The world has a climate king.
When Prince Charles became King Charles III on Thursday after the death of his mother, Queen Elizabeth II, his decadeslong crusades to elevate environmental protection ascended to the throne with him.
Charles gave his first speech on the topic in 1970, revealing an interest that has evolved over the past half-century. He has used his public persona to advocate for forest, soil, ocean and biodiversity conservation and has pushed businesses to invest in programs to preserve and value nature.
“[King] Charles has demonstrated a very long-lasting and extremely deep knowledge of the impact of human activities on the environment,” said Bob Ward, policy and communications director at the Grantham Research Institute on Climate Change in London. “In many ways, he has been ahead of politicians in his appreciation and concern for the issue.”
His reign comes as global temperatures are toppling heat records in yearly succession. Average temperatures have risen 2.2 degrees Fahrenheit in the past 150 years, reshaping weather extremes and politics in Britain. The country, which helped lead the world into industrialization more than a century ago by burning coal, has one of world’s most aggressive plans to reduce carbon emissions.
Now Britain is facing tumultuous changes.
The queen’s death came two days after the nation’s new prime minister, Liz Truss, was sworn in to replace Boris Johnson, a conservative politician who surprised many Britons by embracing historically strong climate action (Climatewire, July 8). Some advocates have expressed concern that Truss is less committed to those policies, and some of her recent cabinet appointments have been described as climate skeptics.
Those are just some of the political pitfalls that Charles will have to navigate.
He is now king of a nation reeling from painful energy prices caused by Russia’s invasion of Ukraine and facing the risk of people shivering in their homes this winter because of dwindling natural gas supplies.
What potentially divergent views from the monarch and the prime minister could mean for U.K. climate policies is an open question.
Charles opened the global climate conference, COP26, last year when it was hosted in Glasgow, Scotland, by calling for a “military-style campaign” to harness the wealth of the private sector.
“Any leader who has had to confront such life-threatening challenges knows that the cost of inaction is far greater than the cost of prevention,” he said in his opening address. “I can only urge you, as the world’s decisionmakers, to find practical ways of overcoming differences so we can all get down to work, together, to rescue this precious planet and save the threatened future of our young people.”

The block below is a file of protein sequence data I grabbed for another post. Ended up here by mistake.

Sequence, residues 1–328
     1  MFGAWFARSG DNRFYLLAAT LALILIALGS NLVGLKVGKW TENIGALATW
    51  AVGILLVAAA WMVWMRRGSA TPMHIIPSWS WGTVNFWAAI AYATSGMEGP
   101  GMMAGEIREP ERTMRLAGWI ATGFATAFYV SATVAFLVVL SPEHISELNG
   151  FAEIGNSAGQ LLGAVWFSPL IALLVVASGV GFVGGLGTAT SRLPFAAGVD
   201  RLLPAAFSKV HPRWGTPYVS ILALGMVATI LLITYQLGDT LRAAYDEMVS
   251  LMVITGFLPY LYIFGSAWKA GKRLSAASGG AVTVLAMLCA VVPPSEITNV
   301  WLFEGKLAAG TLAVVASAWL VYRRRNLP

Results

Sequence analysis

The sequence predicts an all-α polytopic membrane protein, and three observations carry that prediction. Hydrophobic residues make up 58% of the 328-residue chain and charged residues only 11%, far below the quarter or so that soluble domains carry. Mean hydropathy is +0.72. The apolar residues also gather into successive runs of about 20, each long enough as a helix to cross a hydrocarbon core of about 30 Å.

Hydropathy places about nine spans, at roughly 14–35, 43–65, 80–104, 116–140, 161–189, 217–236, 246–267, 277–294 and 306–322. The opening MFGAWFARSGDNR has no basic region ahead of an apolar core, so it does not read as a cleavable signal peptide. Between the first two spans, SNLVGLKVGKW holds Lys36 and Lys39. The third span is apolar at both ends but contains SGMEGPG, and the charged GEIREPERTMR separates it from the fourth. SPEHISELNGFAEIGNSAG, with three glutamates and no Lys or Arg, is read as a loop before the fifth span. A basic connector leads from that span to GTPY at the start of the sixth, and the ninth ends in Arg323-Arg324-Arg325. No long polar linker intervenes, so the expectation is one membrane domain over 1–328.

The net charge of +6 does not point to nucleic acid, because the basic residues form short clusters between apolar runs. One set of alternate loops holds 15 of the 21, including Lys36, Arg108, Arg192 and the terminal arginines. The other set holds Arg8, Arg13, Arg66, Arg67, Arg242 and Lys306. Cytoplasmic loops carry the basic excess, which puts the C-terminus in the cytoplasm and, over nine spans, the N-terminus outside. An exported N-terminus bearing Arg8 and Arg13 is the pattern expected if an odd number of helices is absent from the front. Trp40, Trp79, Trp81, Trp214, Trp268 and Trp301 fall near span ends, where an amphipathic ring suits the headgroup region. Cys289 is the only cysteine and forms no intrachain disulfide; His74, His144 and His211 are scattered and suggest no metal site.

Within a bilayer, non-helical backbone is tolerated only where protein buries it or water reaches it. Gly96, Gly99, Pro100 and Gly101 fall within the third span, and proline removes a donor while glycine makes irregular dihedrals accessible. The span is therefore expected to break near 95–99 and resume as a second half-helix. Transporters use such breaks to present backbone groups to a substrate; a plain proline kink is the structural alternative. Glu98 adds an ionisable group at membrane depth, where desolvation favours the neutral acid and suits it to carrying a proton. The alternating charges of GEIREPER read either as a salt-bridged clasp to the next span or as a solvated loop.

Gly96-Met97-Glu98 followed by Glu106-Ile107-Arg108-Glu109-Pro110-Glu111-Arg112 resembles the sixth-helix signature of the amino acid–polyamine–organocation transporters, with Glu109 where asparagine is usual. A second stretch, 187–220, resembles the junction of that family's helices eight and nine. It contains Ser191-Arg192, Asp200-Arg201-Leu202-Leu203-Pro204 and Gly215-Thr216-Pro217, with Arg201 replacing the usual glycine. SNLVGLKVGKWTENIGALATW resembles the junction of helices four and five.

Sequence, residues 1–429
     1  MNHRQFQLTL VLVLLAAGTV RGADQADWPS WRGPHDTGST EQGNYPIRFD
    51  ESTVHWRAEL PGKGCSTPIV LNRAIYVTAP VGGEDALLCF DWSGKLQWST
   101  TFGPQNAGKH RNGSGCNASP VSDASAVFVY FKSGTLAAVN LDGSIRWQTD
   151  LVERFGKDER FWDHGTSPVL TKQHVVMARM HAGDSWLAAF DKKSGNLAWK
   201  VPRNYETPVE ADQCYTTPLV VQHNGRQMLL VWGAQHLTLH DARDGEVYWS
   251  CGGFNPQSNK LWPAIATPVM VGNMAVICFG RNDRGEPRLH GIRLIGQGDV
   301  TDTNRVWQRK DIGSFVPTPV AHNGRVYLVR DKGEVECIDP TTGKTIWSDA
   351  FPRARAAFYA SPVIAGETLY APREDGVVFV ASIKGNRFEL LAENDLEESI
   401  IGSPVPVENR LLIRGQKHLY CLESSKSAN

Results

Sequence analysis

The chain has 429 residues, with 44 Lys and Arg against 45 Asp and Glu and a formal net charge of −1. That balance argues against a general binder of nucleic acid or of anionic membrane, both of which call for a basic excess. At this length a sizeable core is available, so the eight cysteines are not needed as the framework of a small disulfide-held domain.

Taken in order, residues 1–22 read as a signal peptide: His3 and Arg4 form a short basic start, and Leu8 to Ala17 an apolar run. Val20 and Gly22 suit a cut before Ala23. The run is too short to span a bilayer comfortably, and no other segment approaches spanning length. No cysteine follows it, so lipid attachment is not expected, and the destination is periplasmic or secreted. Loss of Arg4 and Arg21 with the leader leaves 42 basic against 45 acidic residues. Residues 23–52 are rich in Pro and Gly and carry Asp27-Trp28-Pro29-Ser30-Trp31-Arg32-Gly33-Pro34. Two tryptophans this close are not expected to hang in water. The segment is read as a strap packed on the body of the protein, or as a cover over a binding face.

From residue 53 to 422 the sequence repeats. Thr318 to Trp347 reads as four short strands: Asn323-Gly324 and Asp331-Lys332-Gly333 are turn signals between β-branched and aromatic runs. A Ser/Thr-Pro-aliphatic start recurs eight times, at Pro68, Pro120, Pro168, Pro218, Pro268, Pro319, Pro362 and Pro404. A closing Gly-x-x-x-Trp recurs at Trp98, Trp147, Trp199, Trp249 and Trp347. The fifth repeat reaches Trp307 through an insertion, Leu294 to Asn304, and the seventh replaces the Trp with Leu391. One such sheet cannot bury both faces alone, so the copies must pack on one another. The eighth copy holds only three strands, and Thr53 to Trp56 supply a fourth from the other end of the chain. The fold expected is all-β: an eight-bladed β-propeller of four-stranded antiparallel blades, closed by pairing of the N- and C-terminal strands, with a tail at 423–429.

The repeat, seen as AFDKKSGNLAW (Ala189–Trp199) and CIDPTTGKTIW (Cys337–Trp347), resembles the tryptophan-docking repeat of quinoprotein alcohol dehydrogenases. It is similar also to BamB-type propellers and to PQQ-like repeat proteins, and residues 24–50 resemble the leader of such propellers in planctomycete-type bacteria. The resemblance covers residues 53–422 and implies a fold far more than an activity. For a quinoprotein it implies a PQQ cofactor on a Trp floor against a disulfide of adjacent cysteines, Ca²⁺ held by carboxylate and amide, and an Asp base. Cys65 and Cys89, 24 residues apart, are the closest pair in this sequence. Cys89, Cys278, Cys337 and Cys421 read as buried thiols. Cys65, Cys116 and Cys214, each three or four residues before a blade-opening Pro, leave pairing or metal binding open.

Alden Meyer, a senior associate at E3G and a longtime international policy observer, said there’s no doubt where Charles stands in his depth of commitment to the climate.
“Clearly he gets it. And he’s given powerful speeches and urged people on,” Meyer said.
Using his throne’s influence to encourage political and business changes on climate might be one of his biggest contributions to the environment.
“He has demonstrated a real commitment not just to recognizing the risks but also in finding imaginative solutions,” said Ward of the Grantham Institute.
In 2020 at the glitzy World Economic Forum annual gathering in Davos, Switzerland, Charles launched the Sustainable Markets Initiative, which aims to get business leaders to invest in environmentally friendly operations. Since then, over 500 CEOs have pledged their support for the initiative’s “Terra Carta,” or Earth Charter, which launched last year.
The nonbinding pledge commits chief executives to support “rapidly accelerating the world’s transition towards a sustainable future.”
The group has awarded its Terra Carta Seal to 47 companies “in recognition of their commitment to, and momentum towards, the creation of genuinely sustainable markets.” Those firms include British multinationals BP PLC, HSBC and AstraZeneca, as well as U.S. firms such as Amazon.com Inc. and Bank of America Corp.
While those efforts have gained global attention, it’s Charles’s specific focus on nature and sustainability that may make a greater mark, said David Victor, a public policy professor and head of the Center for Global Transformation at the University of California, San Diego.
“My sense is that the private sector in Britain already knows that it needs to be heavily involved with deep decarbonization. But the part of the climate change story that really hasn’t received as much attention is the impact on the physical landscape. So I think that that actually could be one of the biggest shifts,” he said.
Charles has brought sustainability into his own life, too.
Around 90 percent of the energy used in his homes and office come from renewable sources — half of that from sources such as solar panels and heat pumps on his properties, according to the former Prince of Wales’s official website.
His Aston Martin runs on bioethanol made from wine and cheese byproducts, the site notes.
Now, he’ll just need to find space for solar panels on Buckingham Palace.
Reporter Corbin Hiar contributed.